Oran Etkin – Kelenia – Motéma Music MTM 24, 52:22: *****:
(Oran Etkin – clarinet and bass clarinet, tenor sax; Balia Kouyate – balafon; Makane Kouyate – calabash and vocals; Joe Sanders – bass; with Lionel Loueke, John Benitez, and others)
African klezmer, that’s what we’ve got going on here. But as with the best of these jazz beat hybrids, the intermingling of radically different musical worlds produces not an ungainly admixture of two alien sensibilities, but a third thing, never before heard. What immediately comes to mind are such magical excursions as those of Egberto Gismonti, who blended the pre-samba folk forms northern Brazil with authentic jazz and classical elements to come up with a series of remarkable discs such as Sanfona and Dança Das Cabeças; Jan Garbarek’s fascinating catalog of various Norwegian (and other) folk musics mapped onto Coltrane-esque jazz; Jon Hassell’s mixing of jazz, ambient, drone, and folk on, especially, Fascinoma; and the reigning master of such moves, Omar Sosa.
What’s common to all these masters of world jazz is their deep understanding of and commitment to all the elements their music deploys. In other words, they’re not just jazz musicians blithely appropriating and exploiting world-folk forms for trendy coloration or to cash in on the world-beat phenomenon. Each has spent years learning how various ethnic musics work and how to make them equal partners in the wonderfully eclectic world of authentic jazz. Take Oran Etkin, for example. The music on this disc represents a decade’s worth of working and playing with African musicians in the U.S. and Mali, plus years of rehearsals and performances with the current band. And it certainly comes through. The group listens and responds as if they were of one mind musically. Moreover, the band becomes a vehicle for poignantly expressing the deepest themes, desires, and feelings of Malian music, albeit in a thoroughly transformed context that nonetheless seems perfectly natural. Two marginalized peoples—Jews and Malians—become brothers in sorrows, joys, and aspirations.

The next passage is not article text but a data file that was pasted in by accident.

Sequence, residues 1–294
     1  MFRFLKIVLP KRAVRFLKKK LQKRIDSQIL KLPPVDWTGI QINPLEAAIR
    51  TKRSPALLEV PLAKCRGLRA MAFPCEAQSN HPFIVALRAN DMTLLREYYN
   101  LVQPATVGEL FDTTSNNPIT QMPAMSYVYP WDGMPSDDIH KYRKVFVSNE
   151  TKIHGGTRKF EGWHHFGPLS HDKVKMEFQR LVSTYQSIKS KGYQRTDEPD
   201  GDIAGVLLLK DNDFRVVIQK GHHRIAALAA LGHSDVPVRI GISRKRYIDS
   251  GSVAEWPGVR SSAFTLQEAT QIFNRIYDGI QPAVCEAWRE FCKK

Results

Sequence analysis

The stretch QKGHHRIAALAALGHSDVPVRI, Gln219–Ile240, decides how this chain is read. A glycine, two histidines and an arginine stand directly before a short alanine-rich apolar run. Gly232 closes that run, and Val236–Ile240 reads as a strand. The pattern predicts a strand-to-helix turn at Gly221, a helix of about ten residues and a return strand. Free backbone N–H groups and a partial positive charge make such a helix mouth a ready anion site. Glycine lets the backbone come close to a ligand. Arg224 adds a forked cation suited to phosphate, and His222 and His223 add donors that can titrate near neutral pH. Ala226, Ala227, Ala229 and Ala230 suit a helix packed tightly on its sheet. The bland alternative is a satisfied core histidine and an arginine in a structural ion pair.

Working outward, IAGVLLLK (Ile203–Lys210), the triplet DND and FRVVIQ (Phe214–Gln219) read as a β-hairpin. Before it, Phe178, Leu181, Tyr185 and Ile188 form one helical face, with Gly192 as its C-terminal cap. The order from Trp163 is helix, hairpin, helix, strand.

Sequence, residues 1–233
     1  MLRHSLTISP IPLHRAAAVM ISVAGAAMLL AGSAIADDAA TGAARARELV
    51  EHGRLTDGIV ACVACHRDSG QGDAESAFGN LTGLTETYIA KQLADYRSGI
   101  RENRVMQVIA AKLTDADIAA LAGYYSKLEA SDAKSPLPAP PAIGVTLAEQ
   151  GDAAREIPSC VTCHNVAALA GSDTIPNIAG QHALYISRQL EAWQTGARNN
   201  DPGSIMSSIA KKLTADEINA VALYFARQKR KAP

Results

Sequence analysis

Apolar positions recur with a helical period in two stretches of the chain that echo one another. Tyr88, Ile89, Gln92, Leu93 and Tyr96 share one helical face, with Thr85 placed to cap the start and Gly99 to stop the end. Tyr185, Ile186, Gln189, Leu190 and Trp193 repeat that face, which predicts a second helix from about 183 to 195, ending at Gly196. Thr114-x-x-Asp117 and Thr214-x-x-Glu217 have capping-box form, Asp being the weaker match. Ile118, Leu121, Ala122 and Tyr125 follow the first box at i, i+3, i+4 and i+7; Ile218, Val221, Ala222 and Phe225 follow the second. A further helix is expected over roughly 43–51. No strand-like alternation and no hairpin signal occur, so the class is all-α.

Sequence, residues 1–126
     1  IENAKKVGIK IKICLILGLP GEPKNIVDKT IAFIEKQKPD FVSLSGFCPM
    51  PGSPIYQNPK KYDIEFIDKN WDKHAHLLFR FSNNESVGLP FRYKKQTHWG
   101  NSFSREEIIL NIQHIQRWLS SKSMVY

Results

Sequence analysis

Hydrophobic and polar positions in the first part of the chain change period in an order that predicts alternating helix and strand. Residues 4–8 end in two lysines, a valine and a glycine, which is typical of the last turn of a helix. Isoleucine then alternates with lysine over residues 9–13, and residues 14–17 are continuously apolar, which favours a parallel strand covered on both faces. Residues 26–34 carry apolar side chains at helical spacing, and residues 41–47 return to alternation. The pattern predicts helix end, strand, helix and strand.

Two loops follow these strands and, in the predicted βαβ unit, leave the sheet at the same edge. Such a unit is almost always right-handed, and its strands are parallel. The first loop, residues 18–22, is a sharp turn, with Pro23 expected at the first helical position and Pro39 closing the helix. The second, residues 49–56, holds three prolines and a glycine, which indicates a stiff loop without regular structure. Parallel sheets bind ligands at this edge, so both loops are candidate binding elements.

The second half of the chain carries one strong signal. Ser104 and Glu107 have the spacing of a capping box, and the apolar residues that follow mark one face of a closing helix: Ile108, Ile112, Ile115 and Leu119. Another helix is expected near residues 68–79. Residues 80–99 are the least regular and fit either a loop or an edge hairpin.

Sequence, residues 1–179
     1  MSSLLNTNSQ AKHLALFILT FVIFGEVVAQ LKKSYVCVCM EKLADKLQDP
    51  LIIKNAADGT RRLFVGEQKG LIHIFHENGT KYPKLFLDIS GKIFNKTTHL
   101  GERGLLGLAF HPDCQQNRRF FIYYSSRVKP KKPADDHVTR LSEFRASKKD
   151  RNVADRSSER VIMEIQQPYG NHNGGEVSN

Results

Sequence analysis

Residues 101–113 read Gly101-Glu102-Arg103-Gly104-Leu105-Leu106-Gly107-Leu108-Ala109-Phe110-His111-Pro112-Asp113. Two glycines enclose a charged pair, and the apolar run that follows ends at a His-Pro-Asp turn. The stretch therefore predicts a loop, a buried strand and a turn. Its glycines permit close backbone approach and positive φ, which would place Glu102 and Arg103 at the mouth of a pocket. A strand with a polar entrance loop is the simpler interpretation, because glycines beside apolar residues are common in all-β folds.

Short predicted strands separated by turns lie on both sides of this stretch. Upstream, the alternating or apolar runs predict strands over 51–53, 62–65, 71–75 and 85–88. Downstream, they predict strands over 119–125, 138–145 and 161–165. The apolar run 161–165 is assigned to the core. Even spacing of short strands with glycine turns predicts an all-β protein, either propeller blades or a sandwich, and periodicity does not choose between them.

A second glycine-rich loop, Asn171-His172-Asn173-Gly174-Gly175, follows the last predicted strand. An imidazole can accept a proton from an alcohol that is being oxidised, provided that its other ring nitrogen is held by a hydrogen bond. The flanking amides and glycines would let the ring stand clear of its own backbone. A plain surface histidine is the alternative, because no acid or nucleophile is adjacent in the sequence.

It’s all glorious, but the song that perhaps makes the deepest impression is the thoroughly reworked—so as to be almost unrecognizable—Duke Ellington classic, “It Don’t Mean a Thing,” highlighted by a remarkable balafon solo and some very tasty klezmerlike clarinet from the leader. Which is not surprising since the leader constantly listened to the music of Duke Ellington between the age of 9 to 14—as the very informative liner notes by 89-year-old pioneering world jazz musician Yusef Lateef tell us.
When world jazz works, as it does so marvelously on this magical disc, it can be some of the most memorable music on the planet. This recording is an absolute joy to listen to.
Not a Waltz
It Don’t Mean a Thing
– Jan P. Dennis